Northrop Grumman created another milestone in combat identification and tracking by the installation and testing of a multispectral sensor fitted onto the new keel beam accessory bay (KAB) of the E-8C Joint Surveillance Target Attack Radar System (Joint STARS) aircraft.
Through the usage of this sensor, the sensor –to-shooter timeline comes down to minutes and a better control and airborne ground surveillance command is achieved.
Northrop Grumman is a pioneer in global security. They cater to both government and private customers worldwide. They have made a mark in providing systems and products in aerospace, electronics and information systems.
Mike Mos, the director of Joint STARS architecture and concept demonstrations was highly confident that new sensor system will not only help in tracking the identified targets but also make the other sensors available for other operational functions.
For testing purposes, MS-177 camera, which is a multispectral intelligence sensor weighing 500 pounds was used on the Joint STARS. The intent of this testing was to determine how the sensor increases the combat identification capability of Joint STARS. After take off from the Florida coast, the operators of Joint STARS put the MS-177sensor to work; the information got from the sensor was fed into the battle management system. Through the usage of the MS-177 sensor the operators were able to track the target and the imagery got was of high quality. With the help of these images the operators were more aware of the surroundings and the ground moving target indication (GMTI) was more effective.
Mike Mos claimed that the MS-177 camera was capable of identifying images of people, buildings ships etc located at very far distances when used along with the APY-7 radar. He added that the MS-177 had an Electro –optical/Infrared capability as well, which along with the GMTI ability makes it an extremely effective force multiplier.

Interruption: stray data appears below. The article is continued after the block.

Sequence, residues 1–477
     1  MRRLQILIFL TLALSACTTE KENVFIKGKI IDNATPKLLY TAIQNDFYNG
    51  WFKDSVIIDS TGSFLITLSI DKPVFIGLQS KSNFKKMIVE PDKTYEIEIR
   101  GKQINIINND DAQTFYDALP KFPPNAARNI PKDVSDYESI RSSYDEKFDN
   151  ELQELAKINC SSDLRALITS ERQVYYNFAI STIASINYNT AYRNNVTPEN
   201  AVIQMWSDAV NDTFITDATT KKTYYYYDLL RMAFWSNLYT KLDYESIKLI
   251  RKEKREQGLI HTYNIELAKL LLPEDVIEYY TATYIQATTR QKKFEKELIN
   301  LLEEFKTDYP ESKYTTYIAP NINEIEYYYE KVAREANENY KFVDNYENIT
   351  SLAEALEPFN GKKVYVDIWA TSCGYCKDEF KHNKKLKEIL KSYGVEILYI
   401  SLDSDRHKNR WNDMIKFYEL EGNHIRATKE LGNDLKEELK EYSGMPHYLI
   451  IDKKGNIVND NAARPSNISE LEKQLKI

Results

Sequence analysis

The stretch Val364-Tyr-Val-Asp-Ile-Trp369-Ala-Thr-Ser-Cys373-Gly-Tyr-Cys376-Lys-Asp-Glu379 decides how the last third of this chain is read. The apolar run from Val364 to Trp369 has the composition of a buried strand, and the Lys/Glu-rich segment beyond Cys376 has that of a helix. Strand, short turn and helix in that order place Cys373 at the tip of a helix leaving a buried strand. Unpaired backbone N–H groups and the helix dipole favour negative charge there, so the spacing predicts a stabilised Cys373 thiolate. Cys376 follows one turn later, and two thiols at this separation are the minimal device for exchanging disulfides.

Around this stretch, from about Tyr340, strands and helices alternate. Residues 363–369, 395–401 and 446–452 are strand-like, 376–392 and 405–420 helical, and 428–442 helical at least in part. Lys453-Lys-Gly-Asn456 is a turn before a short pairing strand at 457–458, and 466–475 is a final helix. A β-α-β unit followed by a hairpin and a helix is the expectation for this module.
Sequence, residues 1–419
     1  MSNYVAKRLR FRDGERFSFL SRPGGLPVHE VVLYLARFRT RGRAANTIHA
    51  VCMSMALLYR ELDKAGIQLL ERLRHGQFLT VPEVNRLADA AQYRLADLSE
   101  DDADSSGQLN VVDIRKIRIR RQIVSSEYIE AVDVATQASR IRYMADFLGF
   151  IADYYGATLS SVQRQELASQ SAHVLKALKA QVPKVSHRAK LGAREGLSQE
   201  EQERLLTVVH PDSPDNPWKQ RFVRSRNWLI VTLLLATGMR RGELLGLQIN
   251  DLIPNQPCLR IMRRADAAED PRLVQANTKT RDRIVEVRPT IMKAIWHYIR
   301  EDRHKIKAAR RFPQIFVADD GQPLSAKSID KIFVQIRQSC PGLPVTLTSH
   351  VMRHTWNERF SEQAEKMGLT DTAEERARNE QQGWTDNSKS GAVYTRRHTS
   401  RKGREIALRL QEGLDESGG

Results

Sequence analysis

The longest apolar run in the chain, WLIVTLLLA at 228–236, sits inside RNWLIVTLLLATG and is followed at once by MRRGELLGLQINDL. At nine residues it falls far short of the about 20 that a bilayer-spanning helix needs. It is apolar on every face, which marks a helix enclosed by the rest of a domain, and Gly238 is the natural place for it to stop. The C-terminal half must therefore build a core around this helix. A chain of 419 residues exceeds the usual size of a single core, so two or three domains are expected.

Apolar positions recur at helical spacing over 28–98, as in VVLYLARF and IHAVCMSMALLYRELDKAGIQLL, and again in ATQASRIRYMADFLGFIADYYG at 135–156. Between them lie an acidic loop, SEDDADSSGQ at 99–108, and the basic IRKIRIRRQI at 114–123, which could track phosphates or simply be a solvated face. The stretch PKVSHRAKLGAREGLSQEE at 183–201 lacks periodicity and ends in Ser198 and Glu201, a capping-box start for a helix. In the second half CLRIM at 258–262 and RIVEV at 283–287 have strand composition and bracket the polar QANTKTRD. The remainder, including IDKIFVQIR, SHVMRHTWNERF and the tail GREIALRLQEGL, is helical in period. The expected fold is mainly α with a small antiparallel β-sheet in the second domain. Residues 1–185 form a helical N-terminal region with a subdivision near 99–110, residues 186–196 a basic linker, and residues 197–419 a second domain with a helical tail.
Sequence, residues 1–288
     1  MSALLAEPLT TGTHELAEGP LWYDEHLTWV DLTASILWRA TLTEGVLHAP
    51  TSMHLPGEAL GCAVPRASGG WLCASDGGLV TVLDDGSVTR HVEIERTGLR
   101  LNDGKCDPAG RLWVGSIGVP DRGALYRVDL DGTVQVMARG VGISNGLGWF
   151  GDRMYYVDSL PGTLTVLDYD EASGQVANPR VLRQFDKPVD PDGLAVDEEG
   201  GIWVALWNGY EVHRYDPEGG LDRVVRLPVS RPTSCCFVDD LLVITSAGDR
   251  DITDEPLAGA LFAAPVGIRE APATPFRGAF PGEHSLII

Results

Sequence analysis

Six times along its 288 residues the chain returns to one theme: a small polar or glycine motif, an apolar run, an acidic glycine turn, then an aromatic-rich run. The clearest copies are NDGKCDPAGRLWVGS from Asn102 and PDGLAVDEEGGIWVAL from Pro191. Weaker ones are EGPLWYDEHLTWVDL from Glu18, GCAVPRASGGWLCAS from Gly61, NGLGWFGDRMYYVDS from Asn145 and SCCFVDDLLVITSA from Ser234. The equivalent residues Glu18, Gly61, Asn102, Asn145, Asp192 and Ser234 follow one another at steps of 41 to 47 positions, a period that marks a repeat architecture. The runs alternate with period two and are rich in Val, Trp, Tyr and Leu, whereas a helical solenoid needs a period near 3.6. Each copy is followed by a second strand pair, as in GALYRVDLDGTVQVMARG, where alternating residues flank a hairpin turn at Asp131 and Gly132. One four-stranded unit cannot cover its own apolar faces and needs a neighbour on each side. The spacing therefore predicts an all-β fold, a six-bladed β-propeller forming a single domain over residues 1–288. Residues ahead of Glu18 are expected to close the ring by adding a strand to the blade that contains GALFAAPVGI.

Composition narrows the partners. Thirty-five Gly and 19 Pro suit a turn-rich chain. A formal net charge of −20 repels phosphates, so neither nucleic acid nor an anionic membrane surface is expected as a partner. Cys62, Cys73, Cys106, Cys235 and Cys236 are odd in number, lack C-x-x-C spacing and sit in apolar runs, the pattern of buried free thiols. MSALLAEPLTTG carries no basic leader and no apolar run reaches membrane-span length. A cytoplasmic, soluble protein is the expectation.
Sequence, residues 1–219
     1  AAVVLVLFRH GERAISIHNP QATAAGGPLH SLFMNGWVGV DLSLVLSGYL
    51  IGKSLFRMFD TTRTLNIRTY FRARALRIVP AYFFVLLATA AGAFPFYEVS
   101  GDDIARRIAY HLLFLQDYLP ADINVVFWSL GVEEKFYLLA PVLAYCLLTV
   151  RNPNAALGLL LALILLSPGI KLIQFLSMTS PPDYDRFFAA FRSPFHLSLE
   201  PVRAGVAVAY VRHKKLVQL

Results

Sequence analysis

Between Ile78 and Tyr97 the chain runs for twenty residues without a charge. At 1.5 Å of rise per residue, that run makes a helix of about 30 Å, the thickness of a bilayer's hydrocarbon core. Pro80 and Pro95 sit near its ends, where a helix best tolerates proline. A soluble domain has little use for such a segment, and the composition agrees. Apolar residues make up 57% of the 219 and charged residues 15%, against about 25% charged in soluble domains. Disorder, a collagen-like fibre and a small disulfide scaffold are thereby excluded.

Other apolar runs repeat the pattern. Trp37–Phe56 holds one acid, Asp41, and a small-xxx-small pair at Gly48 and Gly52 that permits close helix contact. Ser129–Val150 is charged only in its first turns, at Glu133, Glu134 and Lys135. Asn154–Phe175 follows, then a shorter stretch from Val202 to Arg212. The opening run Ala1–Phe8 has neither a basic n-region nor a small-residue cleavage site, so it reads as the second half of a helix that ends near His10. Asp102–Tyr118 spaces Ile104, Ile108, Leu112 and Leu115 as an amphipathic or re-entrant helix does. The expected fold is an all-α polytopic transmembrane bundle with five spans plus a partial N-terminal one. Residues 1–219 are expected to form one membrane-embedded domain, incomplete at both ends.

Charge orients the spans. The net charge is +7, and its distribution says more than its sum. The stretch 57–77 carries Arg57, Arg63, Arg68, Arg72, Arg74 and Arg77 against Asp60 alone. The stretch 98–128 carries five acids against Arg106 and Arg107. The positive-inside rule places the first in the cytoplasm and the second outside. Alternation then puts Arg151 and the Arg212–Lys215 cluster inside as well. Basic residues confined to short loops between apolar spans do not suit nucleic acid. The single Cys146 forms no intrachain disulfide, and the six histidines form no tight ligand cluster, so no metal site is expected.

The technical team of Northrop Grumman took great pains to ensure that the Joint STARS aircraft was fit to fly with the KAB and Camera in place. In order to get the ‘fit to fly’ assurance they worked with the engineers of the U.S. Air Force's Electronics Systems Centre and Aeronautical Systems Centre.
The test results of the Joint STARS aircraft proved that the KAB is able to support one large sensor or multiple small sensors, which did not hamper the battle management and surveillance capabilities of the system. With this result in mind, the team planned to do tests on aerodynamic modelling and delve into combining the multispectral sensor with other sensors and integrate it into the Joint STARS system. Post the military utility assessment done by the US Air Force they plan to integrate additional sensors into the KAB and test the performance further.
The Joint STARS aircrafts are unique in many ways, they are the only all weather systems, they are long range, real time and are capable of vigilance over a large area. They can perform battle management and are used in command and control weapon systems. They have contributed to many combat missions and have been operational since 2001.The fleet of Joint STARS contains 17 aircrafts in all and are flown by the 116th Air Control Wing based in Warner Robins, Ga.The Joint STARS have supported many combat missions namely Operation Iraqi Freedom, Operation Enduring Freedom and Operation New Dawn.